Design Between the Lines

The Walters Residence is slated for LEED Silver certification. Todd Lanning, photographer.

By Georgia Bizios, FAIA, and Katie Wakeford

Bobby and Kristi Walters hired Tonic Design and Tonic Construction, sibling businesses based in Raleigh, North Carolina to help them create what would ultimately be a 4,000 square-foot home for a growing family on a three acre site.  It’s a contemporary home that exceeds their aspirations thanks to green strategies and smart process.

 Projected to receive LEED Silver Certification from the USGBC, the Tonic team pursued energy-efficiency, water conservation, waste reduction, durability, and occupant health and comfort. Features include geothermal heating and cooling, rainwater collection in an underground cistern for irrigation, solar hot water with a tankless backup system, and low maintenance, highly durable materials such as zinc and cedar siding.

Seeking LEED excellence required an extraordinary level of cooperation between the design and construction phases of the project. Tonic is well positioned to do both and achieve the degree of integration that the LEED system advocates.

“We really don’t like the term design/build. It’s too sequential,” says Tonic Principal-in-Charge, Vincent Petrarca. “It suggests you design it, and then build it.” He prefers to call his methodology “construction-led design.”.

The systems of the house and their LEED potential. Image courtesy Tonic.

Nearly 100 participating subcontractors had a hand in the process and that collective body of knowledge and level of participation “served as a valuable editing device,” according to Petrarca. Project designer and construction manager Robby Johnston explains that the drawings for the house were “adequate but not complete,” which allowed the project to improve on the fly.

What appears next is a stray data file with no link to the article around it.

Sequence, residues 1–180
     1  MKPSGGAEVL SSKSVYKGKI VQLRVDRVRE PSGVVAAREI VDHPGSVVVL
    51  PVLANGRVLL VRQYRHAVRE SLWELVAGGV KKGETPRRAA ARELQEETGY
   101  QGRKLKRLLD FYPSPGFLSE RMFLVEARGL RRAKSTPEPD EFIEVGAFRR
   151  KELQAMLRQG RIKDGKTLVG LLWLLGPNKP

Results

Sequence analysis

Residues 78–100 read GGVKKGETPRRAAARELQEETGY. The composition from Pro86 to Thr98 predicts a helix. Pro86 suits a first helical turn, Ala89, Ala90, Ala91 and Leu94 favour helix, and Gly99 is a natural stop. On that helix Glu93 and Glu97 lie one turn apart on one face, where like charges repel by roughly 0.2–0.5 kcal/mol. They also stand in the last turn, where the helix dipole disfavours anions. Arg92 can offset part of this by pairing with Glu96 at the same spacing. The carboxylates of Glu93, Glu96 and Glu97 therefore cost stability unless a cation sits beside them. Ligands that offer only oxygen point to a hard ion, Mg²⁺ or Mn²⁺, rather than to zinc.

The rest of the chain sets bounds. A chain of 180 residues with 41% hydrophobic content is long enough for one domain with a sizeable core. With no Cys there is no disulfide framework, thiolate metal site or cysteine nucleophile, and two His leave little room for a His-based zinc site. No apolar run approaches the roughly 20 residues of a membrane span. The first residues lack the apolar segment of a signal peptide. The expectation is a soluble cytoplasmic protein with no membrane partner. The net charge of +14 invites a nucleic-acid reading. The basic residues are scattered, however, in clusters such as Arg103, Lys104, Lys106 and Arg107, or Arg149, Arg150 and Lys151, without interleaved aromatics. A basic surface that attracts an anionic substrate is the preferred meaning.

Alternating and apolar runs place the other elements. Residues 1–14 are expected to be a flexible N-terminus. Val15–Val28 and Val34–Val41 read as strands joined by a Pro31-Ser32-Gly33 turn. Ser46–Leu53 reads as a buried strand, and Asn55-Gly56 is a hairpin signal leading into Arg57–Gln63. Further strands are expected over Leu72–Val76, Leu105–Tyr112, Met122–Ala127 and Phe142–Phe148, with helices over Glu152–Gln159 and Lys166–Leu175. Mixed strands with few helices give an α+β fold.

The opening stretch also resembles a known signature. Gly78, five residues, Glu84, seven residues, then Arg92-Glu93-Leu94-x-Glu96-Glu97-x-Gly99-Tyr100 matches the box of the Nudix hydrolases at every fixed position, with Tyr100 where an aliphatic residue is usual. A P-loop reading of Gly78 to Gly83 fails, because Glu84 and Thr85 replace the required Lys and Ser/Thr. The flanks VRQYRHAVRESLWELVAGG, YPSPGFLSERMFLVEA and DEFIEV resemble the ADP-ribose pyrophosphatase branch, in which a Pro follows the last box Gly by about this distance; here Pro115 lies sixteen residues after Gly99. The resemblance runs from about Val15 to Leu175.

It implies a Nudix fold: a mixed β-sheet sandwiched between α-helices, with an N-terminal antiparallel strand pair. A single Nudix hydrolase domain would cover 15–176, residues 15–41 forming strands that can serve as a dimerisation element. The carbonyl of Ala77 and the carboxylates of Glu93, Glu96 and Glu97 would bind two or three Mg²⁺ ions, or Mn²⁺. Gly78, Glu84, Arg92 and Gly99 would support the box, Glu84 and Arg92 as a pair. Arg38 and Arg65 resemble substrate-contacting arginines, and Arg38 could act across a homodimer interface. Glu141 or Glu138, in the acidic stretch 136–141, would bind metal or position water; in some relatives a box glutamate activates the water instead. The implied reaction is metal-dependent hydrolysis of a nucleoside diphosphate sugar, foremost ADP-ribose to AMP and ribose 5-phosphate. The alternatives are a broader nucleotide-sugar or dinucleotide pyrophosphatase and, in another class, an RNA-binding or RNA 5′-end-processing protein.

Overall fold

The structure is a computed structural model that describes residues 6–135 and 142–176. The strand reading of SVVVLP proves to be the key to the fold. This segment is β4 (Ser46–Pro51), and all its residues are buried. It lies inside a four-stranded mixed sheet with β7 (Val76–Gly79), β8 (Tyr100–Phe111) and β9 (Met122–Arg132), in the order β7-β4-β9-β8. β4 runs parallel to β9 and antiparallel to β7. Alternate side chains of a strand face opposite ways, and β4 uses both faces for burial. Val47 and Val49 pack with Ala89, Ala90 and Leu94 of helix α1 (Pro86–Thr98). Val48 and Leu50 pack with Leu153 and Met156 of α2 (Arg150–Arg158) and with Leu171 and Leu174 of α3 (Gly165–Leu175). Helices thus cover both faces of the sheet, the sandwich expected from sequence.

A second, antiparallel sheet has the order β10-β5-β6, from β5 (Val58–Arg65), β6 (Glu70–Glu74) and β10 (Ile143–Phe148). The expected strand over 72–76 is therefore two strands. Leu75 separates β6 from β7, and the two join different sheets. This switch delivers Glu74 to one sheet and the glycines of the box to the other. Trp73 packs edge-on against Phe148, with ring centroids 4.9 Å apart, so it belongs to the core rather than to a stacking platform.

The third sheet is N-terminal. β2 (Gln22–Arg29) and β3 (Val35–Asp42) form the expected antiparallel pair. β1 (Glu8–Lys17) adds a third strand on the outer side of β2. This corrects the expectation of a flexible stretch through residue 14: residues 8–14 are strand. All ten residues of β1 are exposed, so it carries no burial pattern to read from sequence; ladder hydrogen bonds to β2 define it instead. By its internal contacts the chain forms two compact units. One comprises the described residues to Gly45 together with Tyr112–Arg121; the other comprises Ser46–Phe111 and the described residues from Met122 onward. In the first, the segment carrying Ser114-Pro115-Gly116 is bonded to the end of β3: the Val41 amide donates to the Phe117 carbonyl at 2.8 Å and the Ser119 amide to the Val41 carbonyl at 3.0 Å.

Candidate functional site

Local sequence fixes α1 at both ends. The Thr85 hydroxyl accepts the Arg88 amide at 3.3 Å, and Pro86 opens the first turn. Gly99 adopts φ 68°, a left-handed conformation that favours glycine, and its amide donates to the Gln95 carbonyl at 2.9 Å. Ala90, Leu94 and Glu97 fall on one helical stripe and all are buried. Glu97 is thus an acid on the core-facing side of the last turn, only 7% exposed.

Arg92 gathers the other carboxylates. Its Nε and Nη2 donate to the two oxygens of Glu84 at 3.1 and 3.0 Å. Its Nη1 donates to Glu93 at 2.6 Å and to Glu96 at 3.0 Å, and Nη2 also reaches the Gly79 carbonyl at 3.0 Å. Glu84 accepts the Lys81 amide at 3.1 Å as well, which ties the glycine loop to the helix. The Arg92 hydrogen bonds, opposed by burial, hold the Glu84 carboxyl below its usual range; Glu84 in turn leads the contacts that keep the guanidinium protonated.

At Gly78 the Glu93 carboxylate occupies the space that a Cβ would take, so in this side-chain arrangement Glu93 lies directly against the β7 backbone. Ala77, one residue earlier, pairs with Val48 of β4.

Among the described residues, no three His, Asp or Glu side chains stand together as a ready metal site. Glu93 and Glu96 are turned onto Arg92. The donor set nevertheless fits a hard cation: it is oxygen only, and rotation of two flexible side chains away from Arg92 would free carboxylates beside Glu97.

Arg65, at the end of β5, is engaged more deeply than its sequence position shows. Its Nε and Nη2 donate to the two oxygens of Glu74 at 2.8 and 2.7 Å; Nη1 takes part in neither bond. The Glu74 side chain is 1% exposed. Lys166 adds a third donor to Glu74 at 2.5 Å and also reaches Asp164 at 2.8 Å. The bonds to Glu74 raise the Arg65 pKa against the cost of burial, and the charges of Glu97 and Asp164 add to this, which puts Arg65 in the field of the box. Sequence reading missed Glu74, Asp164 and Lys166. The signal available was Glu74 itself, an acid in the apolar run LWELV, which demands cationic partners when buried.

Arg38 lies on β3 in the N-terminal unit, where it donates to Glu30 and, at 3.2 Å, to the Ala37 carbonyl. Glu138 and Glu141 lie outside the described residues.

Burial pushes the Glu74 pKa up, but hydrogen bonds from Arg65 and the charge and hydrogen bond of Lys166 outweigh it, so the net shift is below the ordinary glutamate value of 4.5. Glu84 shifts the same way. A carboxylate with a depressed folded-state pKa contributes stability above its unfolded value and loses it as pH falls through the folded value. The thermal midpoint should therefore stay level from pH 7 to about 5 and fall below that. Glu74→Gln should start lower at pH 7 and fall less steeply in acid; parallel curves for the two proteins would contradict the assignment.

According to Marshall Dunlap, LEED advisor from the North Carolina Solar Center, the Walters Residence is the first North Carolina house to receive Indoor Air Plus certification, an addendum to the better known Energy Star program. It is a comprehensive and rigorous program addressing indoor air quality issues such as ventilation, filtration, and combustion control. Plus, achieving Indoor Air Plus automatically satisfied the LEED Indoor Air Quality requirements.

Custom shading devices, fabricated by Tonic, will eventually support photovoltaic panels on the roof. Todd Lanning, photographer.

Preliminary utility bills reflect an energy consumption rate that is consistent with a house half the size of the Walters’ house. Todd Lanning, photographer.

Johnston describes the Walters as “initially certification agnostic,” but bottom line benefits demonstrated by lifecycle costing, aided by significant tax breaks and rebates, and in partnership with the positive environmental attributes, convinced the clients of the value of striving for a high performance home.

While the geothermal system seemed expensive up front, generous rebates and long term energy savings sealed the deal.  Handsome custom shading devices, fabricated by Tonic, will eventually support roof top photovoltaic panels for collecting additional renewable energy.